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The Fall of Freedom

It’s autumn. Fall. My favorite season. And I am leaving it all behind to return to hot and humid Florida. My time on the lake is over. The recreation town is empty. The cottages are being winterized. Firewood is being sold alongside the pumpkins. Chipmunks are chirping. And yes, leaves are falling. It looks like the trees are dying and soon, they will actually look dead.

But they aren’t. They are actually surviving. If the leaves kept drinking water, when the temperatures drop to freezing, the water inside the tree would freeze and kill the tree.

If the trees didn’t drop the leaves, they wouldn’t have the ability to withstand the weight of snow on their branches.

And in the winter, the fallen leaves on the forest floor insulate trees’ roots from the cold – and will decompose to enrich the soil and provide nutrients to other plants.

Meanwhile, the bark provides insulation for the tree in the winter (while protecting the tree from disease, pests, and fire during warmer months).

What does this have to do with freedom?

Lately, I’ve been wondering what the solution is to the destruction of American society. (Yes, please buy my book The Unraveling: The American Fabric Undone.) And I’ve always said that freedom principles are the solution to every problem and decision. And I love to mix my metaphors.

So, as we watch the leaves of shared values on the tree of American freedom changing color, no longer producing the oxygen necessary for our existence, and falling off, we might want to reframe this as a change in role -- as they could now be insulating the roots of the American experience from the brutal destruction of coming winter.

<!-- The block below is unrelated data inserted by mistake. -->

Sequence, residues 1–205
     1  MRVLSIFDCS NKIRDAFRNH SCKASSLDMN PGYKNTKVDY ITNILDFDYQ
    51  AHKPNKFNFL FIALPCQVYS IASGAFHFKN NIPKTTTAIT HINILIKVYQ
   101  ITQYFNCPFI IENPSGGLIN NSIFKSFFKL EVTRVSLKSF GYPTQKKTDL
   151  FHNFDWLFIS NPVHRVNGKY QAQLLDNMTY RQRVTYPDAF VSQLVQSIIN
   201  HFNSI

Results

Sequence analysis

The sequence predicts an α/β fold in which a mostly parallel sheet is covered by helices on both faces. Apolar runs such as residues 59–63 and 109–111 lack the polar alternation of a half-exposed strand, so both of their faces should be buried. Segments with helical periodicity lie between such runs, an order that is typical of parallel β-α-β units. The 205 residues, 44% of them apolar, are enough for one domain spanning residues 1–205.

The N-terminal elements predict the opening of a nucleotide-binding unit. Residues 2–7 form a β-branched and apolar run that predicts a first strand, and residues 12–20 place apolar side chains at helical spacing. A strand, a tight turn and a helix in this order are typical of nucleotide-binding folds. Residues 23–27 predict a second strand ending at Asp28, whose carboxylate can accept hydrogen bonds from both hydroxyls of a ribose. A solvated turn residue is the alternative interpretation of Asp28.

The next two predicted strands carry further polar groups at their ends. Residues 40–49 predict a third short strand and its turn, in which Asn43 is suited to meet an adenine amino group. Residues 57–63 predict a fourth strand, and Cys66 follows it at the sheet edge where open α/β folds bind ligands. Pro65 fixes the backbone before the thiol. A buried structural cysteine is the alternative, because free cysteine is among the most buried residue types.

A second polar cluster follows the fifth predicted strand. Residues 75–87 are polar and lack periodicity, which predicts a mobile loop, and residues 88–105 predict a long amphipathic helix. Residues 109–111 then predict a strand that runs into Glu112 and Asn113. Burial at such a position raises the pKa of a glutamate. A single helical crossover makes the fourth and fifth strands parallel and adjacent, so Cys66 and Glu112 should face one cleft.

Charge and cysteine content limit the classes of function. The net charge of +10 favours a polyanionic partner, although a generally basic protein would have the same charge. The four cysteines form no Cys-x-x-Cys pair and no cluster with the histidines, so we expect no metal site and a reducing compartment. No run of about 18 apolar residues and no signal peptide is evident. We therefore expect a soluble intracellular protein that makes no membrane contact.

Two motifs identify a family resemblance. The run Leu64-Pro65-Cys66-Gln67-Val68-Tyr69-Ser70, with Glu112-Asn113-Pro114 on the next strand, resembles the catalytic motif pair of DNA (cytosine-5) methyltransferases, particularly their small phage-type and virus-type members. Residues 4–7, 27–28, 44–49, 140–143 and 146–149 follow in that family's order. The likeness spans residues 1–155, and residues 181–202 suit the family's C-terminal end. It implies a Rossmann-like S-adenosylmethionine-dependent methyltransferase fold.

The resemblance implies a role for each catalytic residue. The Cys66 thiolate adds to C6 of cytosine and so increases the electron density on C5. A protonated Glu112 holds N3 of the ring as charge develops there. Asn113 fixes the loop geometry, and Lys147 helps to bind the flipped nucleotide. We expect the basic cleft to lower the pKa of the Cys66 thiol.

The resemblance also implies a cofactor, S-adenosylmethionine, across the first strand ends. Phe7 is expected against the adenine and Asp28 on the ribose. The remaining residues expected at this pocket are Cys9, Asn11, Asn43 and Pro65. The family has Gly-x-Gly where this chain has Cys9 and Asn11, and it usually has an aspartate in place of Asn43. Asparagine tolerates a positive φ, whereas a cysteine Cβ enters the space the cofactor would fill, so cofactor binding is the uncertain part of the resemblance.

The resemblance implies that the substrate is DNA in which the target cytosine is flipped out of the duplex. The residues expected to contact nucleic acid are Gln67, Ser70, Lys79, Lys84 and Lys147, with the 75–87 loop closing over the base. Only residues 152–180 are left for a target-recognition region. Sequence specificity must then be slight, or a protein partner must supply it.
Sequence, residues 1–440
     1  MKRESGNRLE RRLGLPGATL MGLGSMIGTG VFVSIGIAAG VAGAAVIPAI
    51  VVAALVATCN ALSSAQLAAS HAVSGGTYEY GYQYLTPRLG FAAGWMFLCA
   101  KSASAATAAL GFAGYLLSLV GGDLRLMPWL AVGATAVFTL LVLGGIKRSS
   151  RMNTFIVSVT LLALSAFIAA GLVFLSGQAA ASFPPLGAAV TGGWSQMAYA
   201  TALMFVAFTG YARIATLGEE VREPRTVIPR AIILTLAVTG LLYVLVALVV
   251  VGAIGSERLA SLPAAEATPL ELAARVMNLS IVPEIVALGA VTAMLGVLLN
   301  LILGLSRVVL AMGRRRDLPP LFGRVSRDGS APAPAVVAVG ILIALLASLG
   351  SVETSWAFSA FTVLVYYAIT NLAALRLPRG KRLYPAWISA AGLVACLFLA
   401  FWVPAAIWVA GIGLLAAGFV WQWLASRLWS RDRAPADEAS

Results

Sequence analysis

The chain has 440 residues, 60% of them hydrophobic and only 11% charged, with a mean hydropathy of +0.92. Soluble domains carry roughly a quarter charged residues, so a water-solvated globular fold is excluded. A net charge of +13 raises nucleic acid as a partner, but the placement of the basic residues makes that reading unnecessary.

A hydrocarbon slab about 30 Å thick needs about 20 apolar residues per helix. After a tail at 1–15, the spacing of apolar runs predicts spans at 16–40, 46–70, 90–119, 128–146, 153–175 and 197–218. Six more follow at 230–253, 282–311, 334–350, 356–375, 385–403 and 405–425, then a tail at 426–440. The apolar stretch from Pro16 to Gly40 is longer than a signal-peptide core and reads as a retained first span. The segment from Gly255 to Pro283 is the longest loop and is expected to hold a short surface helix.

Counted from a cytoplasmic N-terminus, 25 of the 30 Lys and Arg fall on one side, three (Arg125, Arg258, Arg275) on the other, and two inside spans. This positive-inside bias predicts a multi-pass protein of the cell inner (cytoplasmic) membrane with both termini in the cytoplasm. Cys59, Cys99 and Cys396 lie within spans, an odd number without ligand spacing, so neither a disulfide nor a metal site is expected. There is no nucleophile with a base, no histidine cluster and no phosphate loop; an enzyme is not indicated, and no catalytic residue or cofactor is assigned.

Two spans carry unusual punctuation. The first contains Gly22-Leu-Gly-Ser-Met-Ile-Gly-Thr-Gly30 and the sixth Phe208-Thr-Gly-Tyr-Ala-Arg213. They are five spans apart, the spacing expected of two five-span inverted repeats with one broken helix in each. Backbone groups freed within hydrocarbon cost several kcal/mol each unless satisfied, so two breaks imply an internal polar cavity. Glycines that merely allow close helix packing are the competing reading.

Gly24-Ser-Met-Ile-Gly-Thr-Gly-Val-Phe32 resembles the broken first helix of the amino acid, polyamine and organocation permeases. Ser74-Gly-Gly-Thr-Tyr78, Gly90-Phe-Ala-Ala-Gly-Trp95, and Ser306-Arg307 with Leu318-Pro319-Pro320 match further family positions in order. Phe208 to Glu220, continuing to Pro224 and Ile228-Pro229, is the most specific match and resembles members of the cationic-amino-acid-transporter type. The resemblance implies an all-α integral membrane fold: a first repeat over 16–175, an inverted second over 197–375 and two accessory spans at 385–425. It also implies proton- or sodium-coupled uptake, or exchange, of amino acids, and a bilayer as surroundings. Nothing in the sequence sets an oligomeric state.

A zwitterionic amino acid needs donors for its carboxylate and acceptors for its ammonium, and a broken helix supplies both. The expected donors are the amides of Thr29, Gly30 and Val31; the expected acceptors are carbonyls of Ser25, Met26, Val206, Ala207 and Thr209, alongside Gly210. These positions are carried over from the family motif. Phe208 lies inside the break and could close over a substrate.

Then, these values, as they protect the roots of freedom - the foundation of the American experience, are also decomposing…but that breakdown of values doesn’t necessarily mean that the values are gone forever. Their decomposition could mean preparation in transformation in order to provide the nutrients necessary for future life, future freedom, and future society.

Meanwhile, the American way of life is also simultaneously protected by the bark on the tree.

Now, I happen to think that many pests have gotten through. Some disease too. But the bark still remains. This protective layer consists of people who live according to principle instead of passion, who value liberty over equity, who can point out tyranny cleverly disguised as compassion, and who are intentionally passing down their principles and values to the next generation.

A bitter winter is indeed on its way. But the American way of life, the free society, is not dead.

Just like a “hibernating” tree slows its metabolism in order to conserve energy, and the chemical processes for moving the life-giving water around the tree change (and become quite cumbersome, actually**), the freedom our country was once known for might not be dying.

It might just be entering “survival mode.”

Freedom never dies. But it sure can look dead. And while I’ve become exhausted just from the information overload of all the ways it is currently being attacked, perhaps freedom is protecting itself just like I argue it tends to do.

The tree looks dead in winter because in the Fall, it recalibrated all its systems to prevent its actual death.

The tree does not intentionally do this. It was programmed into its DNA.

Today, as I watch the leaves fall, I pray that the DNA of freedom is as intrinsically linked to its survival as that of a deciduous tree and that when winter is over, new growth will sprout from the tree of freedom, feeding on the nutrients of society’s shed and decomposed values in the dirt on the forest floor.

Lovers of liberty, remember you are the bark of the tree. You are the ones holding society together. And to be free, you must live as though you are free. And you are free. So enjoy autumn. Look forward to the snow and the ice on your branches, knowing that should society survive the coming winter, it will come out stronger (and perhaps sweeter) than ever.

**This winterizing chemical change of the tree is what creates a thick and sugary sap – and is the source of maple syrup. So, depending on the character of the tree itself, the dead-looking tree might just be producing a calorie-laden concoction ready to flavor many a future confection.

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